A less developed crunch

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A less developed crunch

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Rich economies are in freefall. But things may be a bit brighter for the world’s worst off

In my book, The Bottom Billion (2007), I argued that some 60 low-income countries, with a population of about a billion people, have missed out on the recent decades of global prosperity. But does their exclusion from growth mean that the worst of the economic crisis will pass them by too?

Sadly not. The countries at the bottom still suffer from what economists call “transmission shocks” from the west. These forces are not the same as those devastating our own economies. Poorer countries were never sufficiently creditworthy to benefit from substantial private credit: during the wild, late phase of irrational exuberance our bankers were only just preparing to begin lending to them, but few transactions were consummated. So what they never had, they are not going to miss. Nor did the web of global financial interconnectedness stretch to these banking systems. African banks are not stuffed with toxic assets and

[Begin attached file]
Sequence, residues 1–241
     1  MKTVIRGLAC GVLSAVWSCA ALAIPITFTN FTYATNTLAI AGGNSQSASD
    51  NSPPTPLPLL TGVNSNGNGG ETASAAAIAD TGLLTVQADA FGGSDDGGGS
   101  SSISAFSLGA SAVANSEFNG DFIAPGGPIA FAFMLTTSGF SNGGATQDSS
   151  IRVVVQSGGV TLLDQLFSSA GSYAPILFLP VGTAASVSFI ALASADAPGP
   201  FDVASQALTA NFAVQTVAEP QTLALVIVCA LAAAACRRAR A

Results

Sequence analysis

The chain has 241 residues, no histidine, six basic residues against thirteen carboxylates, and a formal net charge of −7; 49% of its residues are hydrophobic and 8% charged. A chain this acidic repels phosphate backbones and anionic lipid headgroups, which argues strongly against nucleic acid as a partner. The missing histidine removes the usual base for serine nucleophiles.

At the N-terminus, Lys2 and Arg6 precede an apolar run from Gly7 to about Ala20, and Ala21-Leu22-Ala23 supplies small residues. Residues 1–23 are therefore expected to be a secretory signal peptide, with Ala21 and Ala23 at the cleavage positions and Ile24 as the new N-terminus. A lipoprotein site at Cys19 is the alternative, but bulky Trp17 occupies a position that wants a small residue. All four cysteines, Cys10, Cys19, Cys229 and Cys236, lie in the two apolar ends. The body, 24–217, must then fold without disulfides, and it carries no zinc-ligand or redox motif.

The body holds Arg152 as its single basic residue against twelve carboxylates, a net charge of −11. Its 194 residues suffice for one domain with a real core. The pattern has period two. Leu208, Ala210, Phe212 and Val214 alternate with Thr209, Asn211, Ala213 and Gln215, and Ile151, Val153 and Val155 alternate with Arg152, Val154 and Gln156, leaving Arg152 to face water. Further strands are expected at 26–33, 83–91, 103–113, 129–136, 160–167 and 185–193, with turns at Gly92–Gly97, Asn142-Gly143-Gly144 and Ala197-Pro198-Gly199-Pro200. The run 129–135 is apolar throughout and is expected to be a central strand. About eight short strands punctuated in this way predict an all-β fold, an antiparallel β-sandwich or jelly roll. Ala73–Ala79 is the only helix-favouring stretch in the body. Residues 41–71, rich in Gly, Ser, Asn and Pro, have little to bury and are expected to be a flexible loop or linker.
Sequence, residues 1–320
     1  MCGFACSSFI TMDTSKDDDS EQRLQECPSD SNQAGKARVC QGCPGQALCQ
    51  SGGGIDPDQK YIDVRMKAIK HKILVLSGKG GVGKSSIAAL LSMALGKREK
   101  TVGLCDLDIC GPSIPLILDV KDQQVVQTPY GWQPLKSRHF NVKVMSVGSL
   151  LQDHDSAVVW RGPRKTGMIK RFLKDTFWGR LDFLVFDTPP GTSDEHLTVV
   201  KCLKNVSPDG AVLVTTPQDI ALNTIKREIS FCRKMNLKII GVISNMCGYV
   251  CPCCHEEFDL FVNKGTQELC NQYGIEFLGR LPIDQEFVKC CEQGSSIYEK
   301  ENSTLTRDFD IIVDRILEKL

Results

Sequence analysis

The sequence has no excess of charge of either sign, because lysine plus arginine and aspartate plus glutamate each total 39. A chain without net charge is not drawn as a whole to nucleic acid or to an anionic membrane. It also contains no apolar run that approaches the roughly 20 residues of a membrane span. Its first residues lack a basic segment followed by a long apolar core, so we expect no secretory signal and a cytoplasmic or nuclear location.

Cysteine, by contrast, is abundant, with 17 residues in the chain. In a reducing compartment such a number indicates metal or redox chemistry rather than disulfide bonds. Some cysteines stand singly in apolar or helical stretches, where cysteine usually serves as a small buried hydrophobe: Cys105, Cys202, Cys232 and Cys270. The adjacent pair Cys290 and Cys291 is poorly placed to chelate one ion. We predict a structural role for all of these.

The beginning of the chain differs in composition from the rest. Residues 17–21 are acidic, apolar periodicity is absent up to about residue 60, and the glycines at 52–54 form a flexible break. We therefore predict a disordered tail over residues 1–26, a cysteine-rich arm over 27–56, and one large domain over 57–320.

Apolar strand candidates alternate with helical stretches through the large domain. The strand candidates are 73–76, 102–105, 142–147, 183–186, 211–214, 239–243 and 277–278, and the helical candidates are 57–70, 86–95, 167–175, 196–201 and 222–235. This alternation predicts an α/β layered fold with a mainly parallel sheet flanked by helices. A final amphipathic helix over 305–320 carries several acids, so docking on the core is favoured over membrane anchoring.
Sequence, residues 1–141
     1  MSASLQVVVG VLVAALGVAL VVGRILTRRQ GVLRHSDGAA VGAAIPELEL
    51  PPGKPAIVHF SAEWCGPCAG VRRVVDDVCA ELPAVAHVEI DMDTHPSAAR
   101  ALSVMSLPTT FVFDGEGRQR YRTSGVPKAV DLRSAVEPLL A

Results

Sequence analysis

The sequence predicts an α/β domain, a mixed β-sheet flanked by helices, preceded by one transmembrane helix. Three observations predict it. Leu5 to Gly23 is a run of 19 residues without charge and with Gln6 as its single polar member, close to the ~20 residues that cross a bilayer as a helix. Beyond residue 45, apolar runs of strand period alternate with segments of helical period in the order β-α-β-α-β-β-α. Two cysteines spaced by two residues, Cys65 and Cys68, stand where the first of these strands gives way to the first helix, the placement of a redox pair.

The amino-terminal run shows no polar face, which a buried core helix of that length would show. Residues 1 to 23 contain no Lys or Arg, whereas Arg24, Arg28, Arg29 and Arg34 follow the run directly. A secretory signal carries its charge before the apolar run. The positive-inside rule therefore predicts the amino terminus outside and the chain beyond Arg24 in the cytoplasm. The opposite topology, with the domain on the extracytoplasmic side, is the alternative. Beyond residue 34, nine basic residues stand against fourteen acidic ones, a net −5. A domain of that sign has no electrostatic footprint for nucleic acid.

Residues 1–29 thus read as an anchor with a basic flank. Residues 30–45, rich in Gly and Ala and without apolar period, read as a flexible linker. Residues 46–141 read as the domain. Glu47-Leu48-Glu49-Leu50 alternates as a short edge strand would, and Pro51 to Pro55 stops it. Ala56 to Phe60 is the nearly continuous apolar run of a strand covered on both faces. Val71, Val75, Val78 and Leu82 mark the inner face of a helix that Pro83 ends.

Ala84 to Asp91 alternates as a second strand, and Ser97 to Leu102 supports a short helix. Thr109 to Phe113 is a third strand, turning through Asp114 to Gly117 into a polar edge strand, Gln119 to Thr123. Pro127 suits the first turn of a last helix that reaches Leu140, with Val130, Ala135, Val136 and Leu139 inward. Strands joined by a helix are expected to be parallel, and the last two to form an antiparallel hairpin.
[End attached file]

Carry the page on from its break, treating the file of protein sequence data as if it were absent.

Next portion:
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Paul Collier

Paul Collier
Paul Collier is professor of economics and public policy at Oxford University. He has been assisting the UK government with the G8 agenda. 

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